Memento mori

by Meritxell Riera Prims

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Frances Conroy as the Angel of Death in American Horror Story: Asylum (2011).

Death or God are not the selfish ones: we are.

We cannot cope with the fact that we die at a certain time and we desperately hold on to life and those around us.

It’s only natural to cry and miss someone when they leave, but it’s not sensible or generous to deny Death when it comes. Not sensible because Death is part of living (just as getting old is), and we should learn to welcome it with peace and serenity, albeit sadness because we abandon life. 
Not generous because the selfishness and posessiveness that make us want to keep someone who’s about to depart by our side (or even ourselves) interferes with the process of mourning, which is necessary to leave this earthly world peacefully.

It should feel just as when you leave a place you’ve lived at for a long time, and people you’ve shared precious moments with.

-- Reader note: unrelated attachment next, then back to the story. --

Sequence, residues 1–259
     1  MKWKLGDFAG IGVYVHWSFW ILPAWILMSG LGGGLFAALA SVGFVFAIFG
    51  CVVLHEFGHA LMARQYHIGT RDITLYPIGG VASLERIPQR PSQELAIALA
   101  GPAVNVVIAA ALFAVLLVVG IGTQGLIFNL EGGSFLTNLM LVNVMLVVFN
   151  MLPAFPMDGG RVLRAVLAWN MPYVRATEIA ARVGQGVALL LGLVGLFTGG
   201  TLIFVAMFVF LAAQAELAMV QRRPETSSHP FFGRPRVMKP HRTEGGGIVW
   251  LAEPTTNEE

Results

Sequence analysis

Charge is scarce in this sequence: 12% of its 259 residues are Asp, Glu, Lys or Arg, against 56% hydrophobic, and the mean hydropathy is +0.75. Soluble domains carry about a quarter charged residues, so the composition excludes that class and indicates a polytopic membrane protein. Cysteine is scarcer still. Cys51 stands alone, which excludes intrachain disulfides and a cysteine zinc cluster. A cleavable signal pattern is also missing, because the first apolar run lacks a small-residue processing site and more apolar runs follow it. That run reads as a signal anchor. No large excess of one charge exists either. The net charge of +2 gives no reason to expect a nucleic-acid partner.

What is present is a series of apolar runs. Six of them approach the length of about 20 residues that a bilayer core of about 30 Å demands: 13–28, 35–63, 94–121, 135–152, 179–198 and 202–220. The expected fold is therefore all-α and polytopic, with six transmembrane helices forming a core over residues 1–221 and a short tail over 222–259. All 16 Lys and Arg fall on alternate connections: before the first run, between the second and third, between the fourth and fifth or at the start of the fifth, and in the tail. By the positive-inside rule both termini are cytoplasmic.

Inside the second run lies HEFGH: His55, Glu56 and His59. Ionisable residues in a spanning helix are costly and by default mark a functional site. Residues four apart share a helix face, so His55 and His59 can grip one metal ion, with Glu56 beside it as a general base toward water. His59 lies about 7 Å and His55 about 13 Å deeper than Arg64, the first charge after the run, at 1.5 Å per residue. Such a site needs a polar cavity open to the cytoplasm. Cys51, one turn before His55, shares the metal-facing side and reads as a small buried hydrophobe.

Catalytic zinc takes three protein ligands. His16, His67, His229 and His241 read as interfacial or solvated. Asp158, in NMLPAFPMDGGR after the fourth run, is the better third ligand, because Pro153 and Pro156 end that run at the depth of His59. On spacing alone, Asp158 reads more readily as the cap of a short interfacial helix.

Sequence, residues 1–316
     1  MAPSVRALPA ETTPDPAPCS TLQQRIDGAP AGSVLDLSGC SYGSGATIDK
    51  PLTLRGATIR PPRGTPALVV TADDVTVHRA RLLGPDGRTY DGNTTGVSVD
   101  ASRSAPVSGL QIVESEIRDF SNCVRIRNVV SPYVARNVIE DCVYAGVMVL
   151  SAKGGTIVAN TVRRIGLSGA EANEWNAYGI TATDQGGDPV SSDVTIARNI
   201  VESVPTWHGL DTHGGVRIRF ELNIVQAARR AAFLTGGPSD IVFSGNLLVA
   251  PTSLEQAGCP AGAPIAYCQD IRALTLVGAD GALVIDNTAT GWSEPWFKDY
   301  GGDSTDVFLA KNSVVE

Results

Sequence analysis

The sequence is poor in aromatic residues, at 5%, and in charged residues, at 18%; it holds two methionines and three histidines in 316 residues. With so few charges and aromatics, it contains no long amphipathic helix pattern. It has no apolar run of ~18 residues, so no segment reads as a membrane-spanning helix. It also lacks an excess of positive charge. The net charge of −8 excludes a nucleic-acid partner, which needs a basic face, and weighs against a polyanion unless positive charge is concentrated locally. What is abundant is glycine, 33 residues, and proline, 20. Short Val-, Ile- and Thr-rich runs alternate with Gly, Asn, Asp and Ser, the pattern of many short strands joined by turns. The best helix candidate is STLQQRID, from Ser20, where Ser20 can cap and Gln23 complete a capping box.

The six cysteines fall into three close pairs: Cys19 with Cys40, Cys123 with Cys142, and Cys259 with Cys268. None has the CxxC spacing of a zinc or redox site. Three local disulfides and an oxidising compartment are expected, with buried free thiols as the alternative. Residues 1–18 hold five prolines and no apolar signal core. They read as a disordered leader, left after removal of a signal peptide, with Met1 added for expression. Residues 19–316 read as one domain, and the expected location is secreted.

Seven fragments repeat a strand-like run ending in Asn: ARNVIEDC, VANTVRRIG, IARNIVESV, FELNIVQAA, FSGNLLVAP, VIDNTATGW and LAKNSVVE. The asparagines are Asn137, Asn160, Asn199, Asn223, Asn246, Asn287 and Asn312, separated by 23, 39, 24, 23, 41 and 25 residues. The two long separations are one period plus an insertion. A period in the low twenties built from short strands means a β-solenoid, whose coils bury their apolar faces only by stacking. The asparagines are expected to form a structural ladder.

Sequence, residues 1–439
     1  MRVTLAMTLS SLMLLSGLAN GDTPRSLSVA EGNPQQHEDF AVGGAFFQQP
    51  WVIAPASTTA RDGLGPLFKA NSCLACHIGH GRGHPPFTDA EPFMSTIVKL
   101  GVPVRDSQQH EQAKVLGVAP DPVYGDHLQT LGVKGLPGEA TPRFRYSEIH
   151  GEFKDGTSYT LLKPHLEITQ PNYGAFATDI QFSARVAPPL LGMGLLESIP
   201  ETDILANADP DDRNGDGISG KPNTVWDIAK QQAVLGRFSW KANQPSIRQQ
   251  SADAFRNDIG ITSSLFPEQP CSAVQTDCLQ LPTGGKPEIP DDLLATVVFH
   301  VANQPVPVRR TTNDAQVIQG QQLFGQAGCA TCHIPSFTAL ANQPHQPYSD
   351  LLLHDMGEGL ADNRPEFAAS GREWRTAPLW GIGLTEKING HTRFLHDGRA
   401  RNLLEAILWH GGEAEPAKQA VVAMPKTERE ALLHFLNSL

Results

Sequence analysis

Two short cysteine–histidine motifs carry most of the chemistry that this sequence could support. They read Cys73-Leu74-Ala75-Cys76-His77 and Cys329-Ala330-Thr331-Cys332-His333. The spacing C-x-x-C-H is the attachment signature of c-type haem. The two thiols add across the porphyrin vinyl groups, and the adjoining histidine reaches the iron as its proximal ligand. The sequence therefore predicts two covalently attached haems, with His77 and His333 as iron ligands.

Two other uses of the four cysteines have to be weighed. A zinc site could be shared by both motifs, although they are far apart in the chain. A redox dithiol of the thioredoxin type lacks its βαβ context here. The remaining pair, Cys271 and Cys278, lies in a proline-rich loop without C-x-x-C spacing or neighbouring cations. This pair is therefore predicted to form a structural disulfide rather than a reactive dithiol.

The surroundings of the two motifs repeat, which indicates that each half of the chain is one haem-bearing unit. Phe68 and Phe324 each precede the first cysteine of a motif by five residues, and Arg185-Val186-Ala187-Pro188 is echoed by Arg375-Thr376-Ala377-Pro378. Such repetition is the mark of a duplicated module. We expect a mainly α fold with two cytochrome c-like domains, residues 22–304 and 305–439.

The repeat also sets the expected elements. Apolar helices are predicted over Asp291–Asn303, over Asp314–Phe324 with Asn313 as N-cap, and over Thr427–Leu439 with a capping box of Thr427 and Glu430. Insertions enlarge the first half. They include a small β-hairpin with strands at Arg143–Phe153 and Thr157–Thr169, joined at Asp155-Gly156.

We don’t have any rituals in our culture that celebrate Death in a natural and open way (or funnily, they’re all rituals that come from paganism). We live with our back turned to it, running forward to catch up with time, like Captain Hook running from the sound of the clock in the jaws of the crocodile.

Our culture is the culture of denial before Death. We should have a permanent reminder since childhood that prepared our spirit for that event. For Death is not the end, not even the worst of outcomes.

Just let the dying die.

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